Table 1 Profile of respondent farmers

 

 

 

Categories

Insured (n=282)

Non-insured (n=78)

All  (N=360)

F

%

F

%

F

%

 

Age

(Years)

Less than 25

18

6.4

12

15.4

30

8.3

26-50

95

33.7

23

29.4

118

32.8

51 and above

169

59.9

43

55.2

212

58.9

Average (years)

54

52

53

 

 

Education

Illiterate

44

15.6

26

33.3

70

19.4

Primary education

42

14.9

10

  13.0

52

14.4

Higher secondary

174

61.7

40

51.2

214

59.5

Graduation

22

7.8

2

 2.5

24

6.7

Size of land holdings of farmers

Marginal  (0-2.5 acres)

98

34.7

38

48.7

136

36.7

Small ( 2.6-5 acres)

102

36.2

28

35.9

130

36.1

Large (5.1 and above acres)

82

29.1

12

15.4

94

27.2

4.2 Awareness                                                                                               

Table 2 shows information about awareness of insurance. While all those insured are evidently aware of insurance, among the non-insured, only 53.8% of the respondent farmers are aware. Very few of them (9.6%) known about both the crop and cattle insurance scheme. Among 324 awaked respondents, 66% of respondents know about crop insurance scheme through PACS, 15.8% of respondents through commercial banks and remaining 18.2% of respondents from RRBs.

Table 2 Aware of insurance   (N=360)

Particulars

Response

Insured  (n=282)

Non-insured (n=78)

All  (N=360)

F

%

F

%

F

%

Awareness

Yes

282

100

42

53.8

324

90.0

No

0

0

36

46.2

36

10.0

 

Types of Awareness

Crop insurance

265

94.0

28

66.6

293

90.4

Both crop and cattle insurance

17

6.0

14

33.4

31

9.6

 

Sources

PACS

196

69.5

18

42.8

214

66.0

RRBs

45

15.9

14

33.4

59

18.2

Commercial banks

41

14.6

10

23.8

51

15.8

 

4.3 Awareness across demographic factors  

The extent of awareness of respondents select demographics towards crop insurance is presented in table 3.

 

 

Table 3 Awareness across select demographic factors

Variable

Categories

Aware of insurance

F

%

 

Age (years)

Less than 25

24

7.4

26-50                       

108

33.3

51 and above

192

59.3

 

Education

Illiterate

55

16.9

Primary education

50

15.5

Higher secondary

195

60.2

Graduation

24

7.4

Size of farm land holdings

Marginal  (0-2.5 acres)  

109

33.6

Small ( 2.6-5 acres)

125

38.6

Large (5.1 and above acres)

90

27.8

 

Lack of awareness due to lack of proper information about the scheme to the farmers were reported by Selvaraj, 2010; Surjit Singh and Jogi, 2011. The present study findings revealed that awareness was high among famers in the study area and there is lack of information on crop insurance design among farmers was found, pointing out the need for increasing information about crop insurance by the distributing banks among the farmers awareness levels.

4.4 Benefits secured from crop insurance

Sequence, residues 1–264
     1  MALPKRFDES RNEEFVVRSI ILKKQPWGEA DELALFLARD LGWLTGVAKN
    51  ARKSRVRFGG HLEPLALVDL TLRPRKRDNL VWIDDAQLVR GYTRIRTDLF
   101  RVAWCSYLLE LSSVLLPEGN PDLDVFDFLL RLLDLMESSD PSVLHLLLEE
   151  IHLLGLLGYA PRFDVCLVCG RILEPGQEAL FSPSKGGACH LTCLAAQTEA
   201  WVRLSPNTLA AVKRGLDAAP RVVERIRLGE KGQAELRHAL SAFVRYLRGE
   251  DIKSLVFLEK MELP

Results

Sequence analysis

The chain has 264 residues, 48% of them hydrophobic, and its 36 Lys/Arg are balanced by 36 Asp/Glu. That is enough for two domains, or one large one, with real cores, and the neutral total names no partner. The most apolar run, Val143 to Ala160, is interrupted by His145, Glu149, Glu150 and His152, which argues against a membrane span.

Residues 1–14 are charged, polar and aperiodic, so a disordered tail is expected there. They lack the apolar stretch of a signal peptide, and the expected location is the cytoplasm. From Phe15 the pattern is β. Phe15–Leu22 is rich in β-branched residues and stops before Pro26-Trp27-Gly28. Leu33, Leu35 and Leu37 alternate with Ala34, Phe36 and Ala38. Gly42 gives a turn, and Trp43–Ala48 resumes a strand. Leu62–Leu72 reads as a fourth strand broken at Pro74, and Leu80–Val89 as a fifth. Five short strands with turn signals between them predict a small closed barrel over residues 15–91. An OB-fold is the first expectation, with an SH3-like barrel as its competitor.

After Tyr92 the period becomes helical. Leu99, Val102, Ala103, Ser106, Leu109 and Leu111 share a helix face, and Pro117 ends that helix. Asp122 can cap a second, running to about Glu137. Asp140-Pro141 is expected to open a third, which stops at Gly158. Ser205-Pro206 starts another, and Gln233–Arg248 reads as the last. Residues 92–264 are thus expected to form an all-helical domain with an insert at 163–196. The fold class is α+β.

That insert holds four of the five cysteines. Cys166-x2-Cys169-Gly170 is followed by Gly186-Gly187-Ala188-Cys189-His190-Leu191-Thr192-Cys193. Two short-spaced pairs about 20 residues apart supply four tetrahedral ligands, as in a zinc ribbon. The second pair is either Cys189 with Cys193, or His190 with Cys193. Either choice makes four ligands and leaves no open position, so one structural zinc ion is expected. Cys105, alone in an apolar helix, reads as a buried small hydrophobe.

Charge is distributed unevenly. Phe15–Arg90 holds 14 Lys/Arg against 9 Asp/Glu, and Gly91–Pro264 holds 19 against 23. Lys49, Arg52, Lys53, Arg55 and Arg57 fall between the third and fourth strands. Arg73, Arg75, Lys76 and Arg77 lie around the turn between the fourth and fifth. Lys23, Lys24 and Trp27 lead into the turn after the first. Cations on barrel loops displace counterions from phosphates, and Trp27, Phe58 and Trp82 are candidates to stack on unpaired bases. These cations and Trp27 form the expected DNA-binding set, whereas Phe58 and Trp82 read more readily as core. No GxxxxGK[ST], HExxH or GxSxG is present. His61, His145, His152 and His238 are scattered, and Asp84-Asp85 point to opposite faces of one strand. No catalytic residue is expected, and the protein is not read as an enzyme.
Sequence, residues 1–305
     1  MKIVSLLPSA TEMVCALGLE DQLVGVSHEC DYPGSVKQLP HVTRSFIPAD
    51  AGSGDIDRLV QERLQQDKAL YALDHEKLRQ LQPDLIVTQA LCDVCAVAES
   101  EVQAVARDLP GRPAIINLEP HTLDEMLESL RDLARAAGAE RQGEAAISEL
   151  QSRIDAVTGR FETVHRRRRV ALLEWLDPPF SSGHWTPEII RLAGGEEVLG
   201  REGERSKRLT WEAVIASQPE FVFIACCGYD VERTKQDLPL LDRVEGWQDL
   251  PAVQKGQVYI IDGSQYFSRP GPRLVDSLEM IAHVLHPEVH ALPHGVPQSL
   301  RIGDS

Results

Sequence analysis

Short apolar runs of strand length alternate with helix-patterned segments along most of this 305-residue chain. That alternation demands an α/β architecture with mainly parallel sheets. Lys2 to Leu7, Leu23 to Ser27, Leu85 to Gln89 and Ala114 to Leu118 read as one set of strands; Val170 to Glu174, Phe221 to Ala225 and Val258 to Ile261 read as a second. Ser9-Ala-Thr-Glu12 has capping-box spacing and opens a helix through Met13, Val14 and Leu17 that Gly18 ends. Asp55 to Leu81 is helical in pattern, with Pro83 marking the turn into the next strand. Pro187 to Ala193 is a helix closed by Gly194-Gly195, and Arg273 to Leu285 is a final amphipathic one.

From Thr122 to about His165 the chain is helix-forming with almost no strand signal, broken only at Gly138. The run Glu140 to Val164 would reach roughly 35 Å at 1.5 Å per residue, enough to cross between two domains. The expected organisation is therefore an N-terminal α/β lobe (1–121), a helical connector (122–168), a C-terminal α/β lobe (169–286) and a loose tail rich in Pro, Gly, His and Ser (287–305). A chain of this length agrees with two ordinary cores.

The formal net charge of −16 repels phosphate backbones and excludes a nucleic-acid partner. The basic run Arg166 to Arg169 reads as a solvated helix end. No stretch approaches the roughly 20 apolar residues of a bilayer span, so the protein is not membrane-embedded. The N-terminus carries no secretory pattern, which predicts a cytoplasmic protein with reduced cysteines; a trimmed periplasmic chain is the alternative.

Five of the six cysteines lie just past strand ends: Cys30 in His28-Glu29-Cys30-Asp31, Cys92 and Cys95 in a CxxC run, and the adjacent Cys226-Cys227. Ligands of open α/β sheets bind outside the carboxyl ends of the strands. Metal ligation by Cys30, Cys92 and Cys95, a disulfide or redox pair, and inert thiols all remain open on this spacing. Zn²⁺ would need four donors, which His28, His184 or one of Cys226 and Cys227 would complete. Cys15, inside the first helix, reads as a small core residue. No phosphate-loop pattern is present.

According to table 4 only 4.2% of the respondents felt more confident in farming with crop insurance. Around 6.1 per cent of respondents felt that they took risks in farming and adopted new farming methods with the crop insurance scheme. About 21.9% of the farmers stated that they have earned higher incomes and 11.4 per cent felt that they are able to continue farming.

Table 4 Benefits of crop insurance (N=282)

S.No

Benefits 

F

%

1

Felt more confident in farming decisions.

12

4.2

2

Took risks in farming and adopted new farming methods

17

6.1

3

Earned higher incomes.

62

21.9

4

Able to continue farming

32

11.4

5

No change 

159

56.4

·         Multiple responses. Totals do not add up to hundred percent.

The current form of crop insurance is not a risk management instrument in sharing crop loses (Ravi kumar, 2013 and Kakumanu, et al., (2012) found that farmers are of the view that insurance scheme does not adequately compensate loss from adverse natural event. The similar findings were found in the present study, as 56.4% of the respondents stated that they did not find any benefits from insurance and farmers do not perceive insurance as a beneficial investment. 

4.5 Benefits across age, education and size of land holding.

Ho: There is no significant relationship between benefits and age, education and size of land holding.

Table 5 examines the relationship between benefits and three variables (age, education and land holding of the farmers). ANOVA is conducted to test the significance at 0.01 level. There is a significant relationship between benefits and the three variables (age, education and land holding of the farmers).

Table 5 Benefits – Age, education and size of land holding

Variable

Sum of Squares

Df

Mean Square

F

Sig.

Age of respondent

Between Groups

28.344

4

7.086

17.901

.000*

Within Groups

132.609

277

.396

 

 

Total

160.953

281